Announcement

Collapse
No announcement yet.

OpenCL 1.1 Specification Released

Collapse
X
 
  • Filter
  • Time
  • Show
Clear All
new posts

  • brent
    replied
    I'm not sure whether shader-based decode acceleration is very useful. VLD cannot be accelerated, but this is a very CPU-intensive task, especially when CABAC is used and at high bitrates - and that's where decode acceleration is most needed!
    As far as I know the shader-based acceleration implementations that exist already need quite a bit of shader horsepower. So, no acceleration on low-end GPUs or IGPs. Plus, much power consumption.

    Leave a comment:


  • deanjo
    replied
    Originally posted by Qaridarium
    nvidia just failt to dev a shader based acceleration metod..
    They had no reason to build one. If you want to use GLSL acceleration that still can be done on a 8800 GTS. XBMC has had this option available for quite some time now.

    Leave a comment:


  • Veerappan
    replied
    Originally posted by MisterIO View Post
    Well, it's kind of sad that the OS drivers don't have support for it, but does it really matter, at least at the moment? I mean, is there really anything that take advantage of OpenCL? With OS drivers still not supporting OpenGL 3(nor 4), without good acceleration for video playback(at least not for my r700) and with rather poor performaces for those still without a working Gallivm3D driver(in particular after the KMS switch), IMO the OpenCL support should be at the very last position on the OS drivers' TODO list.
    Re: video playback acceleration.

    If there were a fully working Gallium OpenCL state tracker, it would be feasible for someone to write an OpenCL version of the decoder for any video codec... and I'm about to start writing a thesis proposal to do just that (with VP8). I'm planning on targeting Nvidia+AMD's OpenCL run-times/libraries, but the moment there's a working Gallium OpenCL state tracker, it would work there too.

    Of course, I'll need to actually get the proposal written up, approved, and an advisor will need to be found, but it should work.... and hopefully it'll be simpler to code/maintain than a full OpenGL+GLSL implementation (which has been partially done for h.264). Hopefully the overhead won't kill the performance too much.

    Leave a comment:


  • jrch2k8
    replied
    Originally posted by cb88 View Post
    think that is only partly true... since if for instance openCL requires features in the hardware driver that no other state tracker has needed yet that would still have to be implemented in the driver so drivers still have to be worked on independantly to some degree though probably not nearly as much as before.... thats just how it seems to me.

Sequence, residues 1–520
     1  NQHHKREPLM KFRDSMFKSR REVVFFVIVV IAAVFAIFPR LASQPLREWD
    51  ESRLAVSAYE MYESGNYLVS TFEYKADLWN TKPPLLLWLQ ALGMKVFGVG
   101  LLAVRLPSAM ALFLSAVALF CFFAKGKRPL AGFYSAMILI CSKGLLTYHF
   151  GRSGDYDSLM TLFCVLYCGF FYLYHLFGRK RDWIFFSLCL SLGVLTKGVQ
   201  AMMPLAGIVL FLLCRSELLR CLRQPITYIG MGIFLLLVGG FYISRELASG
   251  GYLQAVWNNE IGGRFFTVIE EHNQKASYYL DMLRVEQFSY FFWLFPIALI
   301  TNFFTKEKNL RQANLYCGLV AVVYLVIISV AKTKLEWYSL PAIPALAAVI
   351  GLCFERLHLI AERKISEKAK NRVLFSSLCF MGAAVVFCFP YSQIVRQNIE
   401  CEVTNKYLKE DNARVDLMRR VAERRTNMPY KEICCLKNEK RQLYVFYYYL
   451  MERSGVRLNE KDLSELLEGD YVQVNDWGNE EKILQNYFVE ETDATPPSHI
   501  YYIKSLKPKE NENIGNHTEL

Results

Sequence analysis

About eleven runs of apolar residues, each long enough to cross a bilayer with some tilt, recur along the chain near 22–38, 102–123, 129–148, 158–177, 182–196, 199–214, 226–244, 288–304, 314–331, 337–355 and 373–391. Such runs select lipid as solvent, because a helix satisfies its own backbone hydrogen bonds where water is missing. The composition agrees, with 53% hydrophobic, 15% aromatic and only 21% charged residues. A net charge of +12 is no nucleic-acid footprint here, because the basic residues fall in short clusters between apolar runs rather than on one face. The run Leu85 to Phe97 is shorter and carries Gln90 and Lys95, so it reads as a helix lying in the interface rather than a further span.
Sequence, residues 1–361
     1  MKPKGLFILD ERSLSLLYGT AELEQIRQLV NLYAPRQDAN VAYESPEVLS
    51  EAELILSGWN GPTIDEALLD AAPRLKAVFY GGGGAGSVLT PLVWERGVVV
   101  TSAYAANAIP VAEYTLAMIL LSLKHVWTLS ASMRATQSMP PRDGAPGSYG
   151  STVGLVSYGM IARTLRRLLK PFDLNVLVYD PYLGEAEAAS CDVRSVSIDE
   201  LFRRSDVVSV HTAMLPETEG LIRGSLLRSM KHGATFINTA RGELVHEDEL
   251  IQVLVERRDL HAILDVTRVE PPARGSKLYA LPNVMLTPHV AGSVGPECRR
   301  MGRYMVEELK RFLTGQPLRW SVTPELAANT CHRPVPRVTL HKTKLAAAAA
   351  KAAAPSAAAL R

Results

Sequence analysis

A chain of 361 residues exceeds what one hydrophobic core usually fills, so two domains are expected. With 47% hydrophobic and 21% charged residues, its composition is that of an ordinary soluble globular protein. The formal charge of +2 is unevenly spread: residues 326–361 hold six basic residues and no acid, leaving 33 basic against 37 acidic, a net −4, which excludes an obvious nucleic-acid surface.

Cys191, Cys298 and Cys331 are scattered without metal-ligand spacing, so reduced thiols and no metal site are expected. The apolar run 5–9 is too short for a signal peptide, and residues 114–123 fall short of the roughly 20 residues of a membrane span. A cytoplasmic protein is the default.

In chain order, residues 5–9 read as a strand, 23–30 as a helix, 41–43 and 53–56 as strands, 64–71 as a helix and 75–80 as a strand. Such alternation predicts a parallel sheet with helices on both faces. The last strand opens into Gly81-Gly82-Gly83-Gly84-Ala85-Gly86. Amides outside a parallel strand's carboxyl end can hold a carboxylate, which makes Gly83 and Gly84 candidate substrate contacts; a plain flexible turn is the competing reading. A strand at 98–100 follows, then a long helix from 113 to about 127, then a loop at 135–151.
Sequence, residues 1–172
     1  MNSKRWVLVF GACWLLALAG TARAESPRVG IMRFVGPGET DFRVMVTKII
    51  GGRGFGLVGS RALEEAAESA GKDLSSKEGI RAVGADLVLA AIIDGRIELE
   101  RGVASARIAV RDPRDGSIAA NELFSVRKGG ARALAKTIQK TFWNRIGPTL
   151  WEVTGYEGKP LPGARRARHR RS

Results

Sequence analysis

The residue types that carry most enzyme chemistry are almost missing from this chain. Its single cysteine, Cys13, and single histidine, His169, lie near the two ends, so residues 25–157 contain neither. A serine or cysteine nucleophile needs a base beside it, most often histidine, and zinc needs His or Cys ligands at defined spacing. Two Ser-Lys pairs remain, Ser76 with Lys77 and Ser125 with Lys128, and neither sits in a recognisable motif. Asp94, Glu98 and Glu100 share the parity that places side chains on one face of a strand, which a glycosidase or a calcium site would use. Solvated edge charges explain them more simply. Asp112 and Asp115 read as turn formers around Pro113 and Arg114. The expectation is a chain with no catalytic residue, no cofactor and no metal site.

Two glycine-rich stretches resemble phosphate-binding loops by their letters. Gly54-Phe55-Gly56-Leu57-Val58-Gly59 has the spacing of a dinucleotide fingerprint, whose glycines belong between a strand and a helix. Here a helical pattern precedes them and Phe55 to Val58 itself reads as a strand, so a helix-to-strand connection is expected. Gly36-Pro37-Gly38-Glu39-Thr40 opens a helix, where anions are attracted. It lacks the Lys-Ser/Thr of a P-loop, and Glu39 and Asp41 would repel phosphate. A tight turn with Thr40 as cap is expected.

yeah you are rigth gallium won't provide 100% for the code for the 100% of the hardware outhere, the trackers contains the most common code that is pretty much hardware independant, ofc after the trackers is there you need the driver of that piece of hardware to be aware of that trackers.

    is pretty much like mesa(common code hardware independant) and dri/drm/kms(hardware dependant code )

    Leave a comment:


  • cb88
    replied
    Originally posted by V!NCENT View Post
    Well, you gotta love Gallium3D because once the state tracker is there; it is there for ever and for every card that has a driver out there.
    think that is only partly true... since if for instance openCL requires features in the hardware driver that no other state tracker has needed yet that would still have to be implemented in the driver so drivers still have to be worked on independantly to some degree though probably not nearly as much as before.... thats just how it seems to me.

    Leave a comment:


  • V!NCENT
    replied
    Well, you gotta love Gallium3D because once the state tracker is there; it is there for ever and for every card that has a driver out there.

    Leave a comment:


  • chaos386
    replied
    Originally posted by bridgman View Post
    Agreed, but (a) I wasn't aware of any open source OpenCL-on-CPU implementations, and (b) at least this would allow chaos386 to stay with the open source graphics drivers (probably).
    Oh, I'm running fglrx (5850 owner); I don't have any philosophical opposition to closed source software. I was just curious if there was a pure OSS way of doing OpenCL, since I know there are people out there who prefer to do things that way.

    I did download the Stream SDK and will be looking through the OpenCL docs on the AMD website, though, so thanks!

    Leave a comment:


  • madbiologist
    replied
    MisterIO wrote: Well, it's kind of sad that the OS drivers don't have support for it, but does it really matter, at least at the moment? I mean, is there really anything that take advantage of OpenCL?

    [email protected] will soon be using OpenCL - see http://folding.typepad.com/news/2010...-or-later.html and http://folding.typepad.com/news/2010...st-update.html

    Leave a comment:


  • bridgman
    replied
    Agreed, but (a) I wasn't aware of any open source OpenCL-on-CPU implementations, and (b) at least this would allow chaos386 to stay with the open source graphics drivers (probably).

    Leave a comment:


  • Zhick
    replied
    Originally posted by bridgman View Post
    Go to www.amd.com and download our Stream SDK. It provides OpenCL support for both CPU and GPU.
    That's closed-source as well though. I'd imagine that someone who refuses to use proprietary graphic-drivers to get OpenCL would also be reluctant to use a proprietary software-implementation.

    Leave a comment:

Working...
X